In days when you have time on your hands, you would not spend better time than to review your Resumé (Curriculum Vitae – CV), update it and make it ready for internal promotion, external job opportunities and/or a job/career change.
Niamh Brennan from Cpl says that no matter how long it’s been since you did it before, it can be hard to know where to start, so she has shared five simple ways on how to update your Resumé.
In Cpl, they receive hundreds of Resumé’s every day. They know what works, what doesn’t and what will get you noticed by employers for the right reasons.
- Get inspired by your LinkedIn
When you’re not actively looking for a job, you’re unlikely to open your Resumé and update it each time you have success in work. However, you’re a lot more likely to add updates to your LinkedIn profile in real-time.
When the time does come when you’re searching for a job review your LinkedIn and see if there’s any good information there that could be added to your CV. You might be surprised at how reading through your own professional history can jog your memory.
- Simplify the structure of your Resumé
How you present a Resumé can have a big impact. You want your Resumé to be as readable as possible, and easy to digest at a glance. To do this use:
- A regular font – Calibri (Body), Arial or Veranda are all good options
- Bullet points instead of paragraphs and numerals instead of written numbers
- Headings and bold text to make important information stand out
- List information in chronological order
- Save your Resumé as a Word doc, but send it to prospective employers/recruitment agencies on a PDF
Put time into simplifying format and design and you’ll create a Resumé that can be easily read by a recruiter or potential employer. Hiring managers tend to prefer a simple CV, so save yourself time and focus on content rather than design.
- Emphasise achievements
Avoid including unnecessary and lengthy details, instead emphasise results and achievements rather than daily tasks. A Resumé should highlight skills that make you attractive to interview.
This could be successful projects you worked on, awards you have won or any impactful problems that you solved. Again, use specific examples that showcase your technical knowledge, and statistics and figures that clearly back your achievements up.
- Update your education section
Continuous learning is becoming more and more important, so don’t forget to update your education section with any relevant courses you’ve completed during your career. For example:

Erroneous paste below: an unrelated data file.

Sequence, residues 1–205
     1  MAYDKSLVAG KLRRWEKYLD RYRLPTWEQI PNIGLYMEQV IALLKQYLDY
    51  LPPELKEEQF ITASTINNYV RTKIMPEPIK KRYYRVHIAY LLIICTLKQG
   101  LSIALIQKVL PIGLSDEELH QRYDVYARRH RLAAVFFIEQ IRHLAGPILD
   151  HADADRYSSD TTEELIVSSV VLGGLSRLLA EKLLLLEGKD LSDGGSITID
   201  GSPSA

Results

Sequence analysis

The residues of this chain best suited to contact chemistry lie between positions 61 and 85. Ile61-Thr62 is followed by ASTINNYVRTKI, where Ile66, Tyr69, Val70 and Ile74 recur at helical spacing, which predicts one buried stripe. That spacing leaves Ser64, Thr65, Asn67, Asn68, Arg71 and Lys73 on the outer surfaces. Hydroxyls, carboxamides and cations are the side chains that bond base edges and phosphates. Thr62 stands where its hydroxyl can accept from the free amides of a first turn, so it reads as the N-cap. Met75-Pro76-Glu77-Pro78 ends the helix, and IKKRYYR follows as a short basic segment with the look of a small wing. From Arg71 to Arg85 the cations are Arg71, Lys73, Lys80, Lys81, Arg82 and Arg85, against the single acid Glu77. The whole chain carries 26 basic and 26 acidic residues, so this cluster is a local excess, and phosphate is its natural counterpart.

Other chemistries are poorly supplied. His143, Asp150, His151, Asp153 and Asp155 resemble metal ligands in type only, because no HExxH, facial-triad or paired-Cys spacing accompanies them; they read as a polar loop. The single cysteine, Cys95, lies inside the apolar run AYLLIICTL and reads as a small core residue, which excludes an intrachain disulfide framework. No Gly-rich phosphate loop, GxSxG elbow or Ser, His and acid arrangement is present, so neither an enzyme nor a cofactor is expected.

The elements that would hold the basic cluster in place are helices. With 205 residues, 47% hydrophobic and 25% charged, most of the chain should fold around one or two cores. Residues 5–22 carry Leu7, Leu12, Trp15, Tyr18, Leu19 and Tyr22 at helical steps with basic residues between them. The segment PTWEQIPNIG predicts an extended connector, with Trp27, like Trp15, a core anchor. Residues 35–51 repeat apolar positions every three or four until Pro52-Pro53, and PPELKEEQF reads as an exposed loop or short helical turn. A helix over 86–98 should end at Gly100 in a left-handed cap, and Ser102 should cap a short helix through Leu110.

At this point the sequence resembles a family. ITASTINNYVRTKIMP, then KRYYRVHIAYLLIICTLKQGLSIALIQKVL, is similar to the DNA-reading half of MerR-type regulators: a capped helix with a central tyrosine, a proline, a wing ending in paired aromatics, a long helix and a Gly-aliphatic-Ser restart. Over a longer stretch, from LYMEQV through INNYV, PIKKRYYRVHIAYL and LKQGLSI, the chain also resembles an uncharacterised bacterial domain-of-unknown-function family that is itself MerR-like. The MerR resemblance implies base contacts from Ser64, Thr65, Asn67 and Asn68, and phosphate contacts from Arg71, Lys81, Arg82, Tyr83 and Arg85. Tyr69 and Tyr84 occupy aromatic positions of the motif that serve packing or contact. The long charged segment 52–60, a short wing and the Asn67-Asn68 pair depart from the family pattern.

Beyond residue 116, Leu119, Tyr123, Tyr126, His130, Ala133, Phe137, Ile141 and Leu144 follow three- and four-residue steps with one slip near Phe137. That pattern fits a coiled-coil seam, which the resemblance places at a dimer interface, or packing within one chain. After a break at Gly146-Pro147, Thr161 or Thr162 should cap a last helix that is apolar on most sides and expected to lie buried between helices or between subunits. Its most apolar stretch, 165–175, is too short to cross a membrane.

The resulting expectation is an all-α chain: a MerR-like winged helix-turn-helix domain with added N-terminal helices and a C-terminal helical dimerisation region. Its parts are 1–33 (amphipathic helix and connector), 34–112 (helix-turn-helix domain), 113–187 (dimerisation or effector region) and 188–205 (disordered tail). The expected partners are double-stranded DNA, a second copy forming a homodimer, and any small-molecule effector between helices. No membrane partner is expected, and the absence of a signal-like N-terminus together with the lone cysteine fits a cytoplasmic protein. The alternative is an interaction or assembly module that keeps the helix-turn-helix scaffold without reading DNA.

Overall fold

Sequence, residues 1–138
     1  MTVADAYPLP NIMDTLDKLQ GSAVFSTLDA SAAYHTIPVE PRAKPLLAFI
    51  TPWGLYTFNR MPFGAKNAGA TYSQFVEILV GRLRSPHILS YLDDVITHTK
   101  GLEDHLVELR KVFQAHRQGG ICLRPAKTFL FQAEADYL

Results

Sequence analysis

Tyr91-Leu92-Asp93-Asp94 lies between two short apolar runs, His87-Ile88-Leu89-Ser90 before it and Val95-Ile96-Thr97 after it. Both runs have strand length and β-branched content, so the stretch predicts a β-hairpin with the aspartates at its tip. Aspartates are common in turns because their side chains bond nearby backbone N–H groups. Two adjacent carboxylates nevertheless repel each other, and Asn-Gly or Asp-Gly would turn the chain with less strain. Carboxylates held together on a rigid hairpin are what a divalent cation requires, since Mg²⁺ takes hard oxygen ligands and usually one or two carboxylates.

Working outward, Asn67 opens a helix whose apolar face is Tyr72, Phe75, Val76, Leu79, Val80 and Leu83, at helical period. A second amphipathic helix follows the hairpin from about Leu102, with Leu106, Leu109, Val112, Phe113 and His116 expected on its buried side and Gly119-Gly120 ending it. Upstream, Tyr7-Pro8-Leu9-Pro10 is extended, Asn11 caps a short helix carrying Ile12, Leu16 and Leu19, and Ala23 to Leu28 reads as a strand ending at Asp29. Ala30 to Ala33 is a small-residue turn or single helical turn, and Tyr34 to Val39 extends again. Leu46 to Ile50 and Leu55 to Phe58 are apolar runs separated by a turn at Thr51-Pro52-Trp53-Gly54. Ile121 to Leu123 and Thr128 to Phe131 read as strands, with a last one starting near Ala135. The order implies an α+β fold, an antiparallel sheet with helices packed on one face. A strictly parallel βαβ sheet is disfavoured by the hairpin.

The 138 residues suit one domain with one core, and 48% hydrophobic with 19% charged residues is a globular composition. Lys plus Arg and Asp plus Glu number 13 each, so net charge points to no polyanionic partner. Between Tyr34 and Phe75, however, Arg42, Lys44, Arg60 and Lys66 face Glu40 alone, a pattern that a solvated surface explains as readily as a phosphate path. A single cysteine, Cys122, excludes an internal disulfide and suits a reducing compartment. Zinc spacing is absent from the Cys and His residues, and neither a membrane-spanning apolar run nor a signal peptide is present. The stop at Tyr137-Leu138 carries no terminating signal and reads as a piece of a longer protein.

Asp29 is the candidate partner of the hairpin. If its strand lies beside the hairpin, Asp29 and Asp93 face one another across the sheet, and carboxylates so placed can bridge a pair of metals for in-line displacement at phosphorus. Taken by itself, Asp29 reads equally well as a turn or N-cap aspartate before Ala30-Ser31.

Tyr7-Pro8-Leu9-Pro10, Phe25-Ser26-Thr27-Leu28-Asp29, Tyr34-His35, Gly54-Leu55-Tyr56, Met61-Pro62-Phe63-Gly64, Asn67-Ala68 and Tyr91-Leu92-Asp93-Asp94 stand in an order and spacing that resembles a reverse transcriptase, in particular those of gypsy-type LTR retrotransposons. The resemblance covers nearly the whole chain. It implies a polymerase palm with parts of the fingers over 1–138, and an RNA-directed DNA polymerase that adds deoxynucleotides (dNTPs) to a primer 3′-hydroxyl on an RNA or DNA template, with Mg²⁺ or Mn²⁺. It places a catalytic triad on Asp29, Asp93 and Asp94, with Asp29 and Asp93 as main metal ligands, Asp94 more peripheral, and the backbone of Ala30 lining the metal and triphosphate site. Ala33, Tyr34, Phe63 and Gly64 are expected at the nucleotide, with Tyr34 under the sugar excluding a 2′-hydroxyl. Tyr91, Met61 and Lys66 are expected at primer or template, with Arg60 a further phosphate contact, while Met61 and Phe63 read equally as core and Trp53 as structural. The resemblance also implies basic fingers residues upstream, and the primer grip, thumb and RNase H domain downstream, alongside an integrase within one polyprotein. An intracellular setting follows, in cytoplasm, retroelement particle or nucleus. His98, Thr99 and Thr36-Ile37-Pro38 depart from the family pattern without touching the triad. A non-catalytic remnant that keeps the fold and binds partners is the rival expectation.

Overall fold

- On-Line courses
- Night classes
- Internal training programmes
By keeping your education up to date, you are showing your commitment to continuous learning and a passion for the industry you work in and the work you do.
- Write a simple to the point Bio
It might seem old fashioned or unnecessary, but a good bio can make all the difference. Distinguish yourself from other candidates by telling your prospective employer who you are, what you do and what your objectives are for your next role. If you don’t know where to start here are some things to consider mentioning:
- Why do you do what you do?
- What’s your current role?
- Any notable accomplishments that are relevant to the job you’re applying for
- Depending on the company/job – something a little more personal that shows you’re a good cultural fit
When writing your bio keep it concise and always edit with the position you’re applying for in mind.
Taking the time to update your Resumé properly could mean the difference between landing a job interview or not. Spend time on it.
Another old but good Resumé tip is to list your achievements, big and small on a piece of paper. This will help you to recognise the value in things you’ve done that you might have forgotten about. Things like managing staff, training new staff, organising schedules, handling cash for example.
You can then use this brainstorm as a base for updating your Resumé with any relevant points and accomplishments. Finally, remove any outdated skills or information you no longer want to highlight and proofread then proofread again.
Initial source: cpljobs.com